1. Power of the Parish: The potential may be greater than we realize —for our civic as well as eternal well-being.

By Kathryn Jean Lopez, National Review Online, April 3, 2017, 4:00 AM, Opinion

This is one of those times of year when people who most weeks don’t go to church may find themselves in a pew. Maybe it’s part of a family visit… Or maybe it’s a desire — and one that could fuel civic renewal.

That’s what California businessman William E. Simon Jr. has set his focus on, with a group he’s founded called Parish Catalyst and with a book called Great Catholic Parishes: How Four Essential Practices Make Them Thrive. Having surveyed 244 parishes, he’s in the business now of sharing what works.

Focusing on the Catholic piece of the engine, Simon points out that there are roughly 80 million Catholics in the United States, about 80 percent of them affiliated with a parish. … The highway to heaven affects not just the souls of individuals but potentially every aspect of American culture and life.

So how to renew and expand the reach of churches, whatever your religious persuasion? 

“Be active,” Simon says. “Be involved with the greatest engine for good in history.” And, he emphasizes, “God’s there, God’s love is there. Why wouldn’t you want to be involved in that?” And share it. Our nation’s church communities are home to some of the most powerful things in the world: faith, hope, and love. And couldn’t we use all of it that we can get these days?


2. The Next Battle. 

By Sheryl Gay Stolberg, The New York Times, April 2, 2017, Pg. F3

But while Ms. Richards [,the president of Planned Parenthood Federation of America,] stands at the forefront of efforts to protect access to abortion, another politically savvy woman, Marjorie Dannenfelser, who helped elect Mr. Trump and is a longtime ally of Vice President Mike Pence, is just as ardently on the other side, pushing hard to prevent Planned Parenthood from getting a single penny from taxpayers.

This week, she had reason to celebrate: Mr. Pence cast the tiebreaking vote when the Senate rolled back an Obama administration rule barring states from denying family planning grants to Planned Parenthood and other abortion providers. The bill will now go to Mr. Trump’s desk.

“This is the result of decades of work, to defund this organization we think is evil,” said Ms. Dannenfelser, 51, president of Susan B. Anthony List, an anti-abortion group. During last year’s presidential campaign, she agreed to back Mr. Trump (who in 1999 described himself as “very pro-choice”) in exchange for his written promise that he would pursue an anti-abortion agenda — including “nominating pro-life justices” to the Supreme Court, and stripping Planned Parenthood of federal funding if the group continues to provide abortions.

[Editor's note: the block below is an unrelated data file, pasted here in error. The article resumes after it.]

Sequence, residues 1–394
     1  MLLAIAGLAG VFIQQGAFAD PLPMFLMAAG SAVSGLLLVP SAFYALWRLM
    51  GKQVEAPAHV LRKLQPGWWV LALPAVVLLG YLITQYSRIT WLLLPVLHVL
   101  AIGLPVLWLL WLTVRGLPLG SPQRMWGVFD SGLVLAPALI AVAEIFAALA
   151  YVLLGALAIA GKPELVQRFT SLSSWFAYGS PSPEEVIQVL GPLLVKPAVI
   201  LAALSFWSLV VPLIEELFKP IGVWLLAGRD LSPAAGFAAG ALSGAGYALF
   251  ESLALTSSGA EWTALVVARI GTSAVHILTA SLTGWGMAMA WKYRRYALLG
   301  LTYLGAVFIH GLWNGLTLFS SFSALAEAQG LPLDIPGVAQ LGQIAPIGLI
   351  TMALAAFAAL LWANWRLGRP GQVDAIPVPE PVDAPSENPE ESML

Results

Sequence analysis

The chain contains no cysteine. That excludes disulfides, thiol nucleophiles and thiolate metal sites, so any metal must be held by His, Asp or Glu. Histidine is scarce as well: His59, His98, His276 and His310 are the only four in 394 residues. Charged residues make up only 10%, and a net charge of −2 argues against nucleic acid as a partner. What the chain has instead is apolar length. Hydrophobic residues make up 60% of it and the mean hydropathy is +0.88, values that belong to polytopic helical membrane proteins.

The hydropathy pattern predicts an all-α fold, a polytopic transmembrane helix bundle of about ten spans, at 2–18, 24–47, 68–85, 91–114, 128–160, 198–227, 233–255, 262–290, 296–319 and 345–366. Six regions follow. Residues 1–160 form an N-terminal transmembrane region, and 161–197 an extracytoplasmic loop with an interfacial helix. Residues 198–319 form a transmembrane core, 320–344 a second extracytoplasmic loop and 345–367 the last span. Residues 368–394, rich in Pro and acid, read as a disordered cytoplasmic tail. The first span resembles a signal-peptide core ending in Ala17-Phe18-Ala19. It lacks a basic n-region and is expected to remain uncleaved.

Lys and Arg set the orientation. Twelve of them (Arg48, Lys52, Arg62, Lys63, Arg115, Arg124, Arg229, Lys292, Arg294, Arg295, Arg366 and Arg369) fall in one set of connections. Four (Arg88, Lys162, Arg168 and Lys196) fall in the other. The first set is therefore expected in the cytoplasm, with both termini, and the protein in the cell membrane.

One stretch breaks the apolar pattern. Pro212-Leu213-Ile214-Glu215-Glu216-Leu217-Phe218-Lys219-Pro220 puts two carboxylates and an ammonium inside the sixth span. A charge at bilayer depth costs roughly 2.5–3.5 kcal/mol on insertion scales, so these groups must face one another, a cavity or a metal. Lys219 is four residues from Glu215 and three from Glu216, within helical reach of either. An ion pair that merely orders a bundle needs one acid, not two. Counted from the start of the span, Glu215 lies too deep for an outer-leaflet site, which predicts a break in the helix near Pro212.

These are challenging times for Planned Parenthood, the reproductive rights behemoth known to millions of American women as the place to turn for cancer screening, testing for sexually transmitted diseases, birth control — and yes, abortion. 

Instead, Mr. Trump’s election has given new life to the abortion wars in Washington, and thrust Ms. Richards — and women, many of them poor, across America who rely on Planned Parenthood for basic health care — into a pitched battle with the president. 

While the Obamacare repeal bill is off the table, for now, the fight over Planned Parenthood is not over. It could come up again next month; Republicans may try to attach the defunding provision to a bill financing government operations for the rest of the year. Or, Ms. Dannenfelser and other anti-abortion movement leaders say their Republican allies on Capitol Hill could tack it on to another measure, possibly a tax reform bill, this the spring.


3. No Room for Dissent in Women’s Movement Today.

By Cleta Mitchell, The New York Times, April 2, 2017, Pg. F3

Is there a “women’s movement” in 2017? What is it? Who is it?

In the 1970s, we fought for legal equality and eradication of the laws, based on English common law, that put women in the same legal category as children and insane persons. 

Our fight was ostensibly about respecting women’s choices, whatever they may be.